Portrait of a Reader Photo Project Update

The above portraits are part of my virtual Portrait of a Reader online art project about books, community, and hope. I am looking for more participants for this virtual project. Read on to learn more about the project and how you can join.

So much of daily life has changed over the past six months. The one constant, for me anyway, has been maintaining my reading and writing practice. I have an ever growing stack of books to read along with revision note for my novel in progress (yes, I’m also a writer as well as a photographer and am revising my first novel about an artist). I became a writer and reader at a young age and both have been constant companions as well as places of hope and being, I am most myself with both. 

In light the daily challenges we all face these days, I continue to work on personal art photo projects, specifically the Portrait of a Reader project to inspire hope and knowledge in a world that seems torn at the seams—politically, environmentally, and medically. Books open up new worlds making it possible to travel through time and perspective. 

Qualifications for project participants include: 

1. A love of books and willingness to have me capture a virtual portrait of you with a current or favorite read

2. Desire to collaborate in online art 

3. Access to a web based camera (via a smart phone, tablet, laptop, or desktop) and Zoom, video conferencing software (yes, another Zoom call to schedule, but this one will be fun!)

You can find more details about the Portrait of a Reader Project, including my artist statement, by clicking the embedded link. To inquire about participating or to ask any questions about the project, email me at: 


More Scenes From The Cape

Hello, Friends! One thing offering comfort lately is remembering good times, including making photographs recently on a trip to the Cape. I shared the first in this series of images in a previous post. Today I’m back with new images from this series. The specs: color negative film (Fuji and Kodak stocks), processed in my studio darkroom, and scanned to the computer.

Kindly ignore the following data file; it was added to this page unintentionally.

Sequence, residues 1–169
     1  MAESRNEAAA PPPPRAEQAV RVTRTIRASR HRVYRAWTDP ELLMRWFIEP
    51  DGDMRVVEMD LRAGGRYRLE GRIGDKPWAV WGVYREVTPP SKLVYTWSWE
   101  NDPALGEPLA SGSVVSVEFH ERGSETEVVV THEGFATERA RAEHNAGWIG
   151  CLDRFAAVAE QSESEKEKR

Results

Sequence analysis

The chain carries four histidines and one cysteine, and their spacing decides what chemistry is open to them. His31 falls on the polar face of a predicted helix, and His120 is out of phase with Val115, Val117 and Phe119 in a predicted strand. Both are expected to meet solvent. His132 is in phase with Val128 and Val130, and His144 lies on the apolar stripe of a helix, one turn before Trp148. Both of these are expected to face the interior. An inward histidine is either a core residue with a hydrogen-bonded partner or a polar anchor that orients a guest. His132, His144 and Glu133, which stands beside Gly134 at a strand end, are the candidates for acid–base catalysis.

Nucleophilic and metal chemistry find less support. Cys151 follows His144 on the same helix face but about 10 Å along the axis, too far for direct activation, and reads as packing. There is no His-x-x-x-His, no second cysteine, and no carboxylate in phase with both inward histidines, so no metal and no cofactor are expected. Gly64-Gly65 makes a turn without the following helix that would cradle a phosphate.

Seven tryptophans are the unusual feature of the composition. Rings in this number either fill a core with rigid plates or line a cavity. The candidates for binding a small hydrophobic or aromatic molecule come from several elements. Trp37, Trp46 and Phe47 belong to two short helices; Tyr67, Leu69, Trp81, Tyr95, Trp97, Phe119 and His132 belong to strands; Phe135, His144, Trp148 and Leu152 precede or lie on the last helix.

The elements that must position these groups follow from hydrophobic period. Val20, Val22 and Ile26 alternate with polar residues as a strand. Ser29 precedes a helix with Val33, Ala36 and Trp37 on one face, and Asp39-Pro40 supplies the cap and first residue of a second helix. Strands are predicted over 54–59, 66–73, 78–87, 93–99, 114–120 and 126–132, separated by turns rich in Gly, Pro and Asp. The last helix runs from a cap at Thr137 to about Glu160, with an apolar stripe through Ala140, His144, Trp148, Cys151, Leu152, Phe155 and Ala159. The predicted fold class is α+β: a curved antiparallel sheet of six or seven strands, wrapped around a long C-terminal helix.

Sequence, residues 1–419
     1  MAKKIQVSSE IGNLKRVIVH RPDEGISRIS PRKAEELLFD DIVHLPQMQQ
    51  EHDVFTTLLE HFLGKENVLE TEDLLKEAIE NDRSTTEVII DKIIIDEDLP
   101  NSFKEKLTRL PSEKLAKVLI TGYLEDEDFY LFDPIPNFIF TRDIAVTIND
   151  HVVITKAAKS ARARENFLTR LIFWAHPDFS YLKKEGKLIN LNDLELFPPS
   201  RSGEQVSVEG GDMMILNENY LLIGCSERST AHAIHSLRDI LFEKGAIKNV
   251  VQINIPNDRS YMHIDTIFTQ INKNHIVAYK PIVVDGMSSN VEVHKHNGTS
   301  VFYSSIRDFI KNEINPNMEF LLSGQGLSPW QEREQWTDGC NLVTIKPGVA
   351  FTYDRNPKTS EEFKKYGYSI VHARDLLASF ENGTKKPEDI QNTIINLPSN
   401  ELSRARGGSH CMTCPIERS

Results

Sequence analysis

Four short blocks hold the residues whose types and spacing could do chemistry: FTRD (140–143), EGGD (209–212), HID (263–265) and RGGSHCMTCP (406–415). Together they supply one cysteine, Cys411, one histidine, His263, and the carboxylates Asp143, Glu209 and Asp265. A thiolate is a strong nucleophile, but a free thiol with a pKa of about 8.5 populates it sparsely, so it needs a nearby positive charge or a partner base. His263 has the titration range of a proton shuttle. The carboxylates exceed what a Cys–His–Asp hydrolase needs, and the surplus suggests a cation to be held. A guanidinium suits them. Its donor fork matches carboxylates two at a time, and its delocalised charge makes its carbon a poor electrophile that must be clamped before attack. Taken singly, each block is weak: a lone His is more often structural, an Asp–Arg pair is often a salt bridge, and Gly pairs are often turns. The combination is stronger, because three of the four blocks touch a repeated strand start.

I like the unexpected pairings happening here.


Scenes From The Cape—New England Photographer

I’ve been spending more time in my studio darkroom these days hand processing color film. This is a new venture for me as I learned to develop black & white film back in my college darkroom days. It was the general practice to send our color film to the lab after which we would place the film strips in archival pages before bringing them back into the darkroom to make color prints. The idea behind this was that hand processing black & white film was simpler and more artistically personal than color film, which reflected a more accurate color profile thereby requiring less of an artistic film recipe (unless the art concept is color itself).

I was curious about the ease of working with color film in the darkroom and aside from using a different set of chemicals (prewash, color developer, bleach & fix, wash, final rinse, dry) and higher temperatures necessary for color, the process isn’t all that different given the film still needs to be loaded on reels, placed in a developing tank, and carefully monitored for time, agitation, and temperature.

Over the next few weeks, I’ll share more of my color work here. 

Stay safe and well, friends!

Using Format